Conference Play

I love the yearly SCBWI Carolinas Conference. This year, with a diversity theme, especially fired me up. The sessions were helpful and encouraging. My crits went very well with great feedback both helpful suggestions and glowing praise. The keynote by Kelly Starling Lyons truly inspired me. I came home with a prioritized to-do list and plenty of motivation to do.

But soon after I returned home, soccer season for the kids amped up. My daughter and son both added sports, one of my work partners had to leave unexpectedly, and more rejections started to roll in. My resolve to rewrite sections wavered, and I changed gears on which novel idea to pursue.

In short, I got the post-conference blues.

In my limited experience, writers are mostly a dreamy bunch. When we get slapped back to reality, it can be a little harder to get that inspiration going again. That’s why I’m grateful for a few folks who’ve given me a boost back onto the writing saddle (even if I haven’t managed to giddy-up and gallop yet).

My critique group keeps me thinking about writing, and their work inspires me. My family and friends give me space, and provide endless source material. And I’m lucky to have my day job, which constantly reminds me who and what I’m writing for. Not for my ego (OK maybe a little), nor some writing ideal, nor to entertain solely (though I do want to entertain), not to preach (happens accidentally sometimes).

I’m writing for kids, but I’m also writing for the kid I was, could have been, am, and will be.

 

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The Journey of 50,000 Words. . .

After writing two novels, I would’ve thought I’d be better at starting a new one.

I’ve learned how to better prepare, though that’s not necessarily a good thing. I’m too cheap to invest in writing software to plan my novel, but I’ve done most of what those programs would do.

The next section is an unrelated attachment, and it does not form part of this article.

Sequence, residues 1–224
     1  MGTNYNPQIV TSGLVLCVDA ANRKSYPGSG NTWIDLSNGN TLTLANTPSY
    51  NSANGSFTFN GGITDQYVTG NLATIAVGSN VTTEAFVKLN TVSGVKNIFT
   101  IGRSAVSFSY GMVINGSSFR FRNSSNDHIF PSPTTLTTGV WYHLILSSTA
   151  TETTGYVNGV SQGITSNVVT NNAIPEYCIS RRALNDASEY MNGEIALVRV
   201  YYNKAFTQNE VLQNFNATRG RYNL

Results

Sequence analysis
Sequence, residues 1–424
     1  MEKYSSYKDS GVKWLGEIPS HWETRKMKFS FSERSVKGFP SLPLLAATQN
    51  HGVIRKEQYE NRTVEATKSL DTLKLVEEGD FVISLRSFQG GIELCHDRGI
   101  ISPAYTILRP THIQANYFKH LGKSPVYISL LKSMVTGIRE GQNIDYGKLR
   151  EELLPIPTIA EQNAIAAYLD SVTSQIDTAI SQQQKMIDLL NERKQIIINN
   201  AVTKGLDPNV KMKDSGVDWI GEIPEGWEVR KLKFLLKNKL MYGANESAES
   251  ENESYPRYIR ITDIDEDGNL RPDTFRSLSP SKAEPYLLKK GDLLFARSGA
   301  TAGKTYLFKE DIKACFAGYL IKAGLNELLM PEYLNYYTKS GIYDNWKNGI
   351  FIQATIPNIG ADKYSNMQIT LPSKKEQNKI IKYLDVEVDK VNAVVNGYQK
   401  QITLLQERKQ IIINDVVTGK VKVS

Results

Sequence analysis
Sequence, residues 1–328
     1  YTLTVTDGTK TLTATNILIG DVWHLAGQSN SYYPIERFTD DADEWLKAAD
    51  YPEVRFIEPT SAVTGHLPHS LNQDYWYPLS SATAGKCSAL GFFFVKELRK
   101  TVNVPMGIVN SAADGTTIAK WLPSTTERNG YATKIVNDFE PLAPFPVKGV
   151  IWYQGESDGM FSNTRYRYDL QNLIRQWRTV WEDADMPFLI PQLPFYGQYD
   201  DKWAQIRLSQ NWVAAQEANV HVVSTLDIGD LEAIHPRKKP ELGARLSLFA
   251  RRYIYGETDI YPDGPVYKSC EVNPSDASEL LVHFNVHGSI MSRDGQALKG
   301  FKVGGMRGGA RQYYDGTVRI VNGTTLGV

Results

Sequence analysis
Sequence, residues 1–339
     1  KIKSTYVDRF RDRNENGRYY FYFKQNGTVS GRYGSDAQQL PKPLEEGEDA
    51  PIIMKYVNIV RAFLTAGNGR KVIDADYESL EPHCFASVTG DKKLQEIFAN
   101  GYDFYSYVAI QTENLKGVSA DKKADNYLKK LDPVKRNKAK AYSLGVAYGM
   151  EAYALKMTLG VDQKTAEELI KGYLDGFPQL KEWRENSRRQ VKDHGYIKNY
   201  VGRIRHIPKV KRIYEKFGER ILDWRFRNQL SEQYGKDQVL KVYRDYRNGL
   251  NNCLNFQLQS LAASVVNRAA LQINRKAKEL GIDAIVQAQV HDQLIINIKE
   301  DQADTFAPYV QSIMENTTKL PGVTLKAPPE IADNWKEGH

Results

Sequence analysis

I’ve got spreadsheets for character traits, arc, physical description, and wants/motivations/backstories for each of the ten characters who actually speak. I’ve written  a synopsis and chapter-by-chapter breakdown, and pre-written a query letter. Most importantly, I’m aware they’re all guidelines.

I’ve read as much as I can get off the internets about the Shaolin Templesouth-shaolin-temple01and wokou pirate settings. I’d already done a lot of research on the Ming Dynasty for a future book.

I’ve even drawn the major characters, with plenty of (positive) comments from my wife and son, and some constructive criticism from my daughter (“your monk’s bald head is lopsided”).

So, I’m as prepared as I can be. And after all that, I’m still staring at a blank screen when I work up the nerve to open the blank first draft file.

I know the exercises and advice. Write three drafts of your first page/chapter. Or completely stream-of-consciousness launch it without regard to any craft. Hand write. Storyboard. Protected time. Dictate it. Act it out. Etc. Etc.

I’ll be honest. I know why the screen is blank. It’s not lack of confidence in my writing abilities. It’s not life interfering or a lack of time. And it’s not because I’m too busy blogging (OK, sorta, as in right now).

It’s fear, pure and simple. Fear of failure. One hundred or so rejections for two completed novels will do that to you. But the fear isn’t for my writing career. I’m going to keep writing, regardless of rejection.

I’m not writing for myself. I’m not writing for agents or editors or librarians or reviewers or even parents. I’m writing for you, kids, if any of you are reading this. And at some point, some of those people can help me get my story to you. But some of them (including myself) are going to be obstacles to that happening.

I know the characters and the story. I want to share it. It’s alive, in my head. But it’s imprisoned there right now. When it comes out as words, I have to get it right. I have to do it in a way that will convince those people above to share the story with you. I don’t want to fail you, and it’s such a cool story, I don’t want to fail it. Because failing it means failing you.